Postcard Stories- Madison, Wisconsin


22nd September 2014 – Roisin Whyte

 “In Wisconsin it is illegal and also sinful to paint your barn any colour other than burnt fire red. During the great cheddar rebellion of 1873, a group of dairy farmers from a small town outside Baraboo united and, inspired by the Great Lakes and Satan himself, began to paint their barns a wild and wicked blue. When spring finally emerged, green and golden, beneath the white winter blanket, they soon realised their own folly. The blue barns were all but invisible against the wide Wisconsin skyscape, the corn was lost and their hearts, for one heavy moment, wished for a grey, Christmas sky to guide their way home.” 

23rd September 2014 – Helen Crawford

“Every other Thursday Sybil gets her hair cut at Divine Image Salon. The hairdressers is situated in a strip mall on West Side, sandwiched between the Earring Store and I’m Board, (fun and games for all the family). Marge at Divine Image has been cutting her hair since long before the grandbabies began to arrive and, over the years, they have become firm friends.

“Make me look just like Jesus, Marge,” Sybil always says.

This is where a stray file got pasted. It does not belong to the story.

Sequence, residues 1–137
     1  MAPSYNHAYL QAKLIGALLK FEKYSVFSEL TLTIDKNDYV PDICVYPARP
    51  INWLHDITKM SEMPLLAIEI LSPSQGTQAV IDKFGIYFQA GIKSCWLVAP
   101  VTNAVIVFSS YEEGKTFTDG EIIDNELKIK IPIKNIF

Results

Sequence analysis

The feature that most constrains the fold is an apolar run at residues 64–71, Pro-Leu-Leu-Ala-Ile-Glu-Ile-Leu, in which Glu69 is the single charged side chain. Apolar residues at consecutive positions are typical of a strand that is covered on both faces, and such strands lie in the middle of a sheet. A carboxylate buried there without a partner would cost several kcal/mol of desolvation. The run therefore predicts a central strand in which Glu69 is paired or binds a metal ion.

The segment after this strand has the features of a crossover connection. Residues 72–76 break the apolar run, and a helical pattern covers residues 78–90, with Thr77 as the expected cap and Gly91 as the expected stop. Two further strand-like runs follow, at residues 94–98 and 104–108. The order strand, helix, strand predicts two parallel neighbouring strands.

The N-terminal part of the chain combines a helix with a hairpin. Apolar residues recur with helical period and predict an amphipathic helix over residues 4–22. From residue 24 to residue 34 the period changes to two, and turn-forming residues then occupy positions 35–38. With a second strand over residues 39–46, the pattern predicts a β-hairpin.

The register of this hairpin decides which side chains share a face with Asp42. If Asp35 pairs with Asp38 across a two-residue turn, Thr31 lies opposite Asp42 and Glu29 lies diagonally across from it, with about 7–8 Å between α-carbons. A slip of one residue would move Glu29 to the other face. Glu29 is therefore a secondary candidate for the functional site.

It is a running joke between the two ladies but Marge can only do perms.”

24th September 2014 – Mary Hegarty

“Road kill is particularly common in Wisconsin. Skunks, raccoons and possums are just as common as the more pedestrian birds and rabbits found in more sophisticated states. Wisconsin drivers are neither faster nor more careless than their peers in Minnesota and Illinois. It is the animals who move slower here, sliding under the snow tires as they keep gentle pace with the corn and the cows and the slow circling rain clouds.”

25th September 2014 – Nicky Bull

“This September around half a million people, mostly American, will descend upon the small, Wisconsin town of Monroe for the annual cheese festival and parade. In peaked hats and Badgers sweatshirts the adults will line the streets with picnic rugs and collapsible deck chairs, positioning their children within grabbing distance of the good stuff -candy, Frisbees, key rings sponsored by the local car dealership- as it gets tossed from passing floats. The mice and ground dwelling rodents of Monroe, Wisconsin will gorge themselves on the leftovers; their tiny palates grown accustomed to a better class of cheese.”

26th September 2014 – Kate Mairs

“In their mid seventies, just two years shy of their fiftieth wedding anniversary, they finally figured out a way of working together.

“I shall do the across clues,” she suggested, “and you, my Love, shall work on the downs.”

This system soon proved itself far superior to previous systems: the many years of separate newspapers, the week she’d flirted with Sudoku, the hundreds and thousands of crossword grids abandoned, incomplete, on the kitchen table. Working around each others’ weaknesses the words seemed to slip together easily, like hands clasping in agreement, and, in their early eighties, they entered the finest puzzling period of their life.”


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